An Interview with a Fine Art Photographer
This past fall, I was struggling to adjust back to life in Central Asia, after having spent the summer back in Canada. It always takes me some time to re-adjust to life back on this side of the world when I've been gone for awhile. It is hard to leave my boys behind (they now live in North America), and I miss them so much after having had a whole summer with them!
I was also struggling with my role...trying to figure out "what do I want to do with my life"?! With my kids getting older, and getting closer to "the empty nest", I was re-evaluating, and thinking about how I wanted to move into the next season of life. What did I want it to look like? What role did photography play in all of this?
It was around this time that I found a course called "Embracing Your Inner Artist", and it was all about exploring your photography, and who you are as an artist, where you want to take your photography, and more. I was intrigued, and felt like it was just what I needed at that phase in my life! So I signed up.
It was exactly what I needed! The course was taught by photographer Deb Schwedhelm, a fine art photographer, and as I looked at her work before I signed up for the course, I knew she was the right person for me at that time. Her work was deeply powerful, and spoke so evocatively to me. She takes risks, her work is deeply personal, honest, and exploratory. AND she had lived overseas, so I knew she would understand that piece of my life.
Well, that course kind of changed my life! Deb pushed me in new directions, she spoke words of encouragement to me that I needed to hear. She didn't tell me what to do, but somehow, through that course, I found my way forward. I got over my funk of being back in Central Asia, and began the discovery of what I really wanted to do with my photography moving into this next season of life.
So I am thrilled that Deb agreed to be part of my interview series so that you all can meet her too! She is an amazing photographer whose work I admire and am inspired by! I hope you enjoy getting to know her...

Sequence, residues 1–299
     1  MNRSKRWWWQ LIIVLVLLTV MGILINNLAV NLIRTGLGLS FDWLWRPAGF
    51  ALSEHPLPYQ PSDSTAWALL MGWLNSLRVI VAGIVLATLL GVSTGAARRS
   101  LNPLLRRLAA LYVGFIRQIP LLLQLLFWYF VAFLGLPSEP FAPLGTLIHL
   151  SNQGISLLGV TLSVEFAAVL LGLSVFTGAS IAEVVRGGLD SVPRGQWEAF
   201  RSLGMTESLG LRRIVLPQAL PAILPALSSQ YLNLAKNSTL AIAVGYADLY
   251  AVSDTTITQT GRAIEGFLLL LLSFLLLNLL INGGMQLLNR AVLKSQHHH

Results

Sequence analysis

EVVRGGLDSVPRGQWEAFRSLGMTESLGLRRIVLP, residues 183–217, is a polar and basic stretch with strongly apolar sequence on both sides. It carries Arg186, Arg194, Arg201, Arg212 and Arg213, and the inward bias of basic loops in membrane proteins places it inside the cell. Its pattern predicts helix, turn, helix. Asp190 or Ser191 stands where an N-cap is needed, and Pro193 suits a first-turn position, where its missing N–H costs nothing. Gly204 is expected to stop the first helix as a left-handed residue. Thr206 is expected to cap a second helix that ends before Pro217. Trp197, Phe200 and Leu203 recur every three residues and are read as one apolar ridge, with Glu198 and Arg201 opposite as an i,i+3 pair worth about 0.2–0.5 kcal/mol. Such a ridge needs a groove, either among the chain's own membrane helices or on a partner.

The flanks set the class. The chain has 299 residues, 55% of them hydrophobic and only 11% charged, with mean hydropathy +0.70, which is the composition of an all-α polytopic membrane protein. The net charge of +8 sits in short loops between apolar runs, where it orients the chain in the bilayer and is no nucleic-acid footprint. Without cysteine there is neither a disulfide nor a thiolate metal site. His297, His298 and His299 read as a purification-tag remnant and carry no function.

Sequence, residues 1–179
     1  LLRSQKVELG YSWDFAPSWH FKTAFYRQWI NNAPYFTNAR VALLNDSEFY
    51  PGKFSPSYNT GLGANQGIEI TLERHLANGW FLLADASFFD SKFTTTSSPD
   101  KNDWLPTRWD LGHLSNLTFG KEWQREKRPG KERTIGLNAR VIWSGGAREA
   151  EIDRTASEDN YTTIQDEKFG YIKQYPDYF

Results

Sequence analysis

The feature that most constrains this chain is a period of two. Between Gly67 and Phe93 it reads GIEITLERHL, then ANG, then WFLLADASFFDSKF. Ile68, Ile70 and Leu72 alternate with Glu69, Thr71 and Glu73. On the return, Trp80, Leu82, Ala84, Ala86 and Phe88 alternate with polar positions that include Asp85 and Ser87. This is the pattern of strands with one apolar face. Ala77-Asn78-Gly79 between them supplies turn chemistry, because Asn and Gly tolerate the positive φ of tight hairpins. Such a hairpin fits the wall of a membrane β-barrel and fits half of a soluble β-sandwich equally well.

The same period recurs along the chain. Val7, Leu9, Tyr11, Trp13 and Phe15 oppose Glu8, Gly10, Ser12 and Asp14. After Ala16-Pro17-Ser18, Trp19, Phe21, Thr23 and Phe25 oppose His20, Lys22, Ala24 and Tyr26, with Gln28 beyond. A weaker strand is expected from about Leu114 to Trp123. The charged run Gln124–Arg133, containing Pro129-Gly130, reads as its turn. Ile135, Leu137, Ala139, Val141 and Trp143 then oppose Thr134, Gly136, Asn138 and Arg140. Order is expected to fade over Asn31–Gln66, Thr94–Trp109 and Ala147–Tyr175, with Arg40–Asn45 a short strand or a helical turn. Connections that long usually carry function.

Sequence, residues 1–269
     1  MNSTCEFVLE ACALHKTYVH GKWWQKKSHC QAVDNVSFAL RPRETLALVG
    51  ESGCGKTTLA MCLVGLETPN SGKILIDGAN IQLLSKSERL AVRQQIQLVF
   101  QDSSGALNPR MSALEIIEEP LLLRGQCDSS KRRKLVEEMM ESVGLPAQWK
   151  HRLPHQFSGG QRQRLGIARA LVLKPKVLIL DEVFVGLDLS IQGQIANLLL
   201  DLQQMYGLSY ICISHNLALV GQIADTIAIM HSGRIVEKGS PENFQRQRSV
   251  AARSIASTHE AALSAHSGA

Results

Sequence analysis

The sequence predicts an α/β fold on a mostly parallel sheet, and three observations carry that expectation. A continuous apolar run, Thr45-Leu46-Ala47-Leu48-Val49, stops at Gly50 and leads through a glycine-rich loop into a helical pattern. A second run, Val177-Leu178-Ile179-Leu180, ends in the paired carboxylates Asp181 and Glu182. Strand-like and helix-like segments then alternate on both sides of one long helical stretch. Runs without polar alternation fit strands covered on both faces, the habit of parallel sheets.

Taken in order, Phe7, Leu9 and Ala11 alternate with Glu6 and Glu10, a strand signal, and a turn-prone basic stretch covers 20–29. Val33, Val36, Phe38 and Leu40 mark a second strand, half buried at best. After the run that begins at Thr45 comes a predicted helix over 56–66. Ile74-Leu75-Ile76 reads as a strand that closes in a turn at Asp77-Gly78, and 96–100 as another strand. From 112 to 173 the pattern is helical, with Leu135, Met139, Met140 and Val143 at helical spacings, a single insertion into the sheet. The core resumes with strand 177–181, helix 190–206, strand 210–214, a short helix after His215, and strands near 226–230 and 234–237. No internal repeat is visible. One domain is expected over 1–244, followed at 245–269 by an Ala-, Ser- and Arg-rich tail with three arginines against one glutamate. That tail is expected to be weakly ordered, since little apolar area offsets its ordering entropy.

(Also, this is the final interview in our series. At least for now. :) There may be more to come at a later date, but I'll let you know if and when that happens.)
Deb Schwedhelm is an award-winning American photographer. Her work is a visual memoir that narrates the self actualization of an artist. Deb’s use of storytelling depicts a lifetime of arrivals and departures. Her work dances with a primal vulnerability and divine mystery. Each transition in her photography opens a new chapter of the story, giving a visual voice to the storyteller.
Born in Detroit, Michigan, Deb Schwedhelm was originally trained as a Registered Nurse and subsequently spent 10 years employed as an Air Force Nurse. Although she has been passionate about photography since her early 20s, it wasn't until Deb left the military that she was finally able to pursue the medium as a full-time career.
Deb's photographs have been exhibited widely and selected for multiple private and permanent collections. She has been featured and interviewed in numerous publications throughout the world. Deb has received awards from Slow Exposures, The Center for Fine Art Photography, Texas Photographic Society, PhotoNOLA, MPLS Photo Center, The Perfect Exposures Gallery, A. Smith Gallery, Santa Fe Photographic Workshops, and The Art of Photography Show. Most notably, Deb’s work was featured on CNN, she received first prize in PhotoNola’s portfolio review, and she was named one of the Top 50 in Critical Mass.
After 25 years of relocating their home every couple of years with the military, Deb’s husband retired from the Navy in 2019. Deb and her family reside in Williamsburg, Virginia, but she hopes to be living on a sailboat, traveling the Americas, in the next five years.
How long have you been doing photography, and how did you get into it?
I started teaching myself photography January 2006, after spending 10 years as a Registered Nurse in the US Air Force. While living in a military house in San Diego, we endured a two-month horrific housing hardship, upon which two months of our rent was returned. After a discussion with my husband, it was that money that I used that money to invest in photography equipment and begin pursuing my passion of photography. Up until that point, I had always been very science and math focused. I had never taken a photography or art course but always loved taking photographs with my little point-and-shoot camera. Learning photography was completely new but once I got started, I never looked back.
What kind of photography do you do?
I started out in commissioned family/child portraiture. In 2012, in a roundabout way through the participation in a portfolio review event, I ventured into the realm of fine art photography, which is what I continue to do today. I also am an educator and teach two online photography classes, ‘Embracing Your Inner Artist’ and ‘Project Development and Fine Art’. I love and am super passionate about both photography and teaching; I truly feel that I was meant to do both.
What do you love about photography?